Book Review: Sandra Fahy’s Marching Through Suffering: Loss & Survival in North Korea

Writ­ing in the The New York Times, for­mer North Kore­an counter-intel­li­gence offi­cer and poet Jang Jin-sung observed that his deci­sion to flee the DPRK was pre­cip­i­tat­ed by a real­iza­tion “that there are two North Kore­as: one real and the oth­er a fic­tion cre­at­ed by the regime.” It was only upon arrival in South Korea that Jang “rec­og­nized the exis­tence of a third North Korea: a the­o­ret­i­cal one. This is the North Korea con­struct­ed by the out­side world, a piece­meal analy­sis of the regime and its pro­pa­gan­da that miss­es the polit­i­cal and eco­nom­ic real­i­ties of the coun­try.”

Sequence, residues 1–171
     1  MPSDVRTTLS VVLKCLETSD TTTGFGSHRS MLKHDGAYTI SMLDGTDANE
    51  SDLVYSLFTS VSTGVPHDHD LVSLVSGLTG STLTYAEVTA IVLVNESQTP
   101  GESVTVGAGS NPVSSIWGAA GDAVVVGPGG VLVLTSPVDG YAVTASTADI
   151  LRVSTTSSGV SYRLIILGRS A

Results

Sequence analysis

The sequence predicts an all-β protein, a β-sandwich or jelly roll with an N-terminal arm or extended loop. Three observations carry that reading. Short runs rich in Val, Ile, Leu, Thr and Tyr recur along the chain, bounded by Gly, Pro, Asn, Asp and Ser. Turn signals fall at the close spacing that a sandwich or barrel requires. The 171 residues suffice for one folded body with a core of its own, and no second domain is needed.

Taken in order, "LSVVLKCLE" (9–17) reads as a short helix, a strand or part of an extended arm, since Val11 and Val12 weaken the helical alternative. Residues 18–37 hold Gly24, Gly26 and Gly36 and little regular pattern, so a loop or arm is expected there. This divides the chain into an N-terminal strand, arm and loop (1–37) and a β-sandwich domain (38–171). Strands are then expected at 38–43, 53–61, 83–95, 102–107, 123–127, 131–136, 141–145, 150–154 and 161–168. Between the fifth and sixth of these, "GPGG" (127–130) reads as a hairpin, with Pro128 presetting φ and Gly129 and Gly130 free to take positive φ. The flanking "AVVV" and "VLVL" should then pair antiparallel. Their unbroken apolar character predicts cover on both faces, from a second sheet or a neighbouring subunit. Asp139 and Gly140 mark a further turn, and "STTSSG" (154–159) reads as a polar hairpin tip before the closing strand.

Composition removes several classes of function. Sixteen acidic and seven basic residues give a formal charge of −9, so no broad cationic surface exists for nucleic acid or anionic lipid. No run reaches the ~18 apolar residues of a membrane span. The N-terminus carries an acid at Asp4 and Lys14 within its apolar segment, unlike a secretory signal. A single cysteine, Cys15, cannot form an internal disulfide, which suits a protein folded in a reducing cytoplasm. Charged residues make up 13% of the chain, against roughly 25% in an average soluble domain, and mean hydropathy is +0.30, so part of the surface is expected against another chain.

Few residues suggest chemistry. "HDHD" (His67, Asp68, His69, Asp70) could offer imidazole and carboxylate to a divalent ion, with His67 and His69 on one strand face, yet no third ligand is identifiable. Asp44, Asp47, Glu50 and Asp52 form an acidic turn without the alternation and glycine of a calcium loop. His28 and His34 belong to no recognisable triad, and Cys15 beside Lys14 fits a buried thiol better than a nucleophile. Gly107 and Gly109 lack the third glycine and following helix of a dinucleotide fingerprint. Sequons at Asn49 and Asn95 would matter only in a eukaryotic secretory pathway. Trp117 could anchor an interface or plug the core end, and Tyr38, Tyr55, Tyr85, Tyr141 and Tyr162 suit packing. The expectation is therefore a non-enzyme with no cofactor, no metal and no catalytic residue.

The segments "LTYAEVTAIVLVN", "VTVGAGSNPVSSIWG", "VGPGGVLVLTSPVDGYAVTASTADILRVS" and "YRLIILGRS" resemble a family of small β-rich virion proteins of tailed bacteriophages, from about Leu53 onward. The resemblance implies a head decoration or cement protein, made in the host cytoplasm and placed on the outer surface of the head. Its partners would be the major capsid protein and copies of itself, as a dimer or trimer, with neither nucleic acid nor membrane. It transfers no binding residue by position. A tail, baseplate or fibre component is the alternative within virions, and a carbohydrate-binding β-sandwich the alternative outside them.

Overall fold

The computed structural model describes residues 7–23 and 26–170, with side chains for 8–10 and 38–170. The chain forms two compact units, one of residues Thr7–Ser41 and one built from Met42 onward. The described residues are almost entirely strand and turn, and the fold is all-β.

One of the pecu­liar­i­ties of North Kore­an stud­ies is that only recent­ly have North Kore­an voic­es them­selves appeared any­where near the cen­tre of dis­course in the dis­ci­pline. The fate of Kore­ans writ­ing and speak­ing about their home­land has large­ly mir­rored that of ear­ly migrants from the Sovi­et Union, their tes­ti­mo­ny deemed mar­gin­al or unre­li­able, fit only to be inter­pret­ed through exter­nal voic­es of author­i­ty, most­ly those who had nev­er set foot on Sovi­et ter­ri­to­ry, except on state-sanc­tioned study-tours. The recent death of Robert Con­quest, and main­stream redis­cov­ery of his writ­ings about Stal­in, offered a salu­tary reminder of such fol­ly. One of the first West­ern his­to­ri­ans to take seri­ous­ly oral accounts of lived expe­ri­ence in the USSR, Con­quest was dis­missed as over­ly cred­u­lous of defec­tor voic­es by his schol­ar­ly peers, yet lived long enough to be vin­di­cat­ed in his assess­ment of the vast scope of ter­ror and state induced famine under Stal­in.

North Kore­an stud­ies may not have learned the lessons of his­to­ry…

Read the rest over at Sino-NK, along with con­tri­bu­tions from my col­leagues.

 

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